A total of 648 questionnaires were collected from Riyadh population using online survey and interviewer-administered questionnaires; 503 from general population and 145 from health-related subjects. The general population represented 77.6% of the total study participants; (183 males and 320 females), whereas health sciences students represented 22.4% of the total study participants (70 males and 75 females).

[Table 1] demonstrates the mean knowledge score of OD according to the independent variables. The overall mean age of the participants was 27.09 ± 9 years, [252 males (38.8%) and 396 females (60.7%)]. The level of education was insignificantly related to knowledge of OD; the source of knowledge was mainly media (60%), internet (20%), friends (17%) and from schools (12%).
Table 1: Demographic data and knowledge score about organ donation.

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[Table 2] shows the knowledge about SCOT among Riyadh citizens; 30% of the general population knew about this center, 24% knew where to register to become an organ donor in Riyadh and 61% considered SCOT a place to sign up an organ donor card.
Table 2: General knowledge about the Saudi Center for Organ Transplantation among Riyadh population (affirmative answer).

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Circumstances, acceptance, and barriers influencing the decisions of organ donors are shown in [Table 3]. Most people agreed to donate both organs and tissues with a percentage of 47.7% while 53.8% wanted to donate after death, and 19.3% liked to specify their organ recipient. The current study showed that 47% participants from general population accept the idea of OD for three reasons; to please Allah, for the sake of helping a person after death and finally, because they believed that there is no use of their organs after they die. The most common barrier (13%) was the belief of the participants that their bodies should be kept intact after death. While the least common barrier (5%) was that they had religious beliefs preventing them from donating their organs.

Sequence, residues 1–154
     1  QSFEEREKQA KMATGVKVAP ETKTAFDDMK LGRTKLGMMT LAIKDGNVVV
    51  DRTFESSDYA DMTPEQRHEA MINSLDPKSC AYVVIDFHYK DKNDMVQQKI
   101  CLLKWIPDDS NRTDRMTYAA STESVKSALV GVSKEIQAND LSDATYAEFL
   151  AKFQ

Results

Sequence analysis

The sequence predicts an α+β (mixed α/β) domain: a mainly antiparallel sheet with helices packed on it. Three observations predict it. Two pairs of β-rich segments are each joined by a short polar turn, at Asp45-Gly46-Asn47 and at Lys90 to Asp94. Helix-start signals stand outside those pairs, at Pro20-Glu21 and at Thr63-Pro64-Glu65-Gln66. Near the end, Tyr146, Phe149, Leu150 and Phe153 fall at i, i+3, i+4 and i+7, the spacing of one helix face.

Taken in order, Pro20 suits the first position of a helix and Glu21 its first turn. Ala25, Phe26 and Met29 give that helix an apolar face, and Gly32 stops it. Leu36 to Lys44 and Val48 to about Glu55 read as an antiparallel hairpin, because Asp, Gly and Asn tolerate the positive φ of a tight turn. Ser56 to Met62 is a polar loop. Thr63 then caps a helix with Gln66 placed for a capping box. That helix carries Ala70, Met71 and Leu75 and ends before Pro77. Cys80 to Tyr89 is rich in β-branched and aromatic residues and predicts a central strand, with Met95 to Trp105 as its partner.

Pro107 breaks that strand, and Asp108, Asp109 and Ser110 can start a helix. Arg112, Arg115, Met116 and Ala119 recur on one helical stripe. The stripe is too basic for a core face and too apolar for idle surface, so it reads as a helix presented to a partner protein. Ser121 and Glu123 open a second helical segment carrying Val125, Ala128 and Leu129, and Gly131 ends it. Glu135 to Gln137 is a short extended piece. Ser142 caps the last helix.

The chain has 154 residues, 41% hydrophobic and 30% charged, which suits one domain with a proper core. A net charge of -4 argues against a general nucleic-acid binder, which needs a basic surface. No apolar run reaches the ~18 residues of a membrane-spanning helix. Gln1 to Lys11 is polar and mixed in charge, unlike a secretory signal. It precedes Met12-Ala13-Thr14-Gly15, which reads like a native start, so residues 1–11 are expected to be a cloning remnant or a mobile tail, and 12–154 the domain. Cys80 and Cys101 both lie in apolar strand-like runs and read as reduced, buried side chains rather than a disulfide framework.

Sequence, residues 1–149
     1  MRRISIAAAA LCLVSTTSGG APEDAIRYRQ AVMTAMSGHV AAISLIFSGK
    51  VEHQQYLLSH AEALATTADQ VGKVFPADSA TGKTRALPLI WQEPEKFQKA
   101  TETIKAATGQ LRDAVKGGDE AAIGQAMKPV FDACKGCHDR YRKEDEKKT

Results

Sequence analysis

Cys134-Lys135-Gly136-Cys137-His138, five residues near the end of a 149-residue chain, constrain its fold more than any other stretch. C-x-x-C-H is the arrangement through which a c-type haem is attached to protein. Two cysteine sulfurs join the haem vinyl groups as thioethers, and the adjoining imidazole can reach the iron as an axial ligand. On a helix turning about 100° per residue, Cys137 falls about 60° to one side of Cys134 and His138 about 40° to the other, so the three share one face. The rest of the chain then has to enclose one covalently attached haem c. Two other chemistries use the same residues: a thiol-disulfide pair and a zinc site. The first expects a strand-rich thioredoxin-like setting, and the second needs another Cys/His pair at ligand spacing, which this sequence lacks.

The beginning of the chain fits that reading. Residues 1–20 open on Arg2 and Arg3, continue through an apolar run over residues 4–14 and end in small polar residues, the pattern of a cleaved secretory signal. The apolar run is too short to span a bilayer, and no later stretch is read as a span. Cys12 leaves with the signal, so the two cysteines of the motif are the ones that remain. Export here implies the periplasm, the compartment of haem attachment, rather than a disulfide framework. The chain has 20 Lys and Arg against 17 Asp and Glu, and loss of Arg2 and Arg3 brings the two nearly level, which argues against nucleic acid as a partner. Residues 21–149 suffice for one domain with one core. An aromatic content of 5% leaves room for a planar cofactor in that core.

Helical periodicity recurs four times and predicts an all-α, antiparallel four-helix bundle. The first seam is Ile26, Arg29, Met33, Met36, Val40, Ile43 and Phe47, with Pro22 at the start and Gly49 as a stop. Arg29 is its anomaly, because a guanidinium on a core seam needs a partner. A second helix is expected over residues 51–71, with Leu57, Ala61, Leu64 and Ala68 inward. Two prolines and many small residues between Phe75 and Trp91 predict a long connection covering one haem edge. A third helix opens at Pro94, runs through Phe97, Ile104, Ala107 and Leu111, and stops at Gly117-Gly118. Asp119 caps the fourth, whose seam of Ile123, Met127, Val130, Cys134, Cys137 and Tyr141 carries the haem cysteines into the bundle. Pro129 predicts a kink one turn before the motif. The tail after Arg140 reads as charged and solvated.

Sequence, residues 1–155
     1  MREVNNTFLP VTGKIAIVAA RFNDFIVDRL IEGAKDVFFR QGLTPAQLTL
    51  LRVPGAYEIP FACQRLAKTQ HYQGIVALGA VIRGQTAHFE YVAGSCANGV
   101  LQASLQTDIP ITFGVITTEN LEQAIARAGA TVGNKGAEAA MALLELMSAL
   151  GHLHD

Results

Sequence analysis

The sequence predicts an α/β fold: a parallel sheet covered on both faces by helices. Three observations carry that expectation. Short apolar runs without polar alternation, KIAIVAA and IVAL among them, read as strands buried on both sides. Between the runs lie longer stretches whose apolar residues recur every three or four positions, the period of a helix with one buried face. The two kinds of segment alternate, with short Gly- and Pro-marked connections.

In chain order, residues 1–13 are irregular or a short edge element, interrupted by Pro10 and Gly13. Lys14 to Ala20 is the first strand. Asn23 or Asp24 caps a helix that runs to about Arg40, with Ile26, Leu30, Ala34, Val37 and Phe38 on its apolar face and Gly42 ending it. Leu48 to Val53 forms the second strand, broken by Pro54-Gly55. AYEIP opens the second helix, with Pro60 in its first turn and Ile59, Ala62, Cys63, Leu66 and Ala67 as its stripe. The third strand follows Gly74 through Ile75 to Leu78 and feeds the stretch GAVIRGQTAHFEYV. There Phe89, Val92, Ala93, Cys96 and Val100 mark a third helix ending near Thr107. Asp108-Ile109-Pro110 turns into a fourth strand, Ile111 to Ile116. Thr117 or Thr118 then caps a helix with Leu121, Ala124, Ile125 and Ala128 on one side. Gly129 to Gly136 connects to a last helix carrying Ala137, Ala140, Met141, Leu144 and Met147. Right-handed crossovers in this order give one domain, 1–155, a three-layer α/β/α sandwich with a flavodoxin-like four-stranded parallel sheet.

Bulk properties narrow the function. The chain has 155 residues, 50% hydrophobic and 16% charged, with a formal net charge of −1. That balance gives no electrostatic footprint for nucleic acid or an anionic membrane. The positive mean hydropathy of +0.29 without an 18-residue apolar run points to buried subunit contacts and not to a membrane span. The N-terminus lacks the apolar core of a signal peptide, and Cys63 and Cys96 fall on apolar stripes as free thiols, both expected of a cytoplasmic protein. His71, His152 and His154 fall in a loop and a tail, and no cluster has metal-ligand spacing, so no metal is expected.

Table 3: Circumstances, acceptances and barriers influencing the decision of organ donors.

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Among the health science professionals and students, 63% of participants had positive response to the suggestion of automatic Registration as an organ donor with the choice of withdrawal from it. Further, 91% believed that it is important to determine the brain-death of the donor to declare the patient as a potential donor, while 76% mentioned that they knew the criteria of brain-death [Table 4].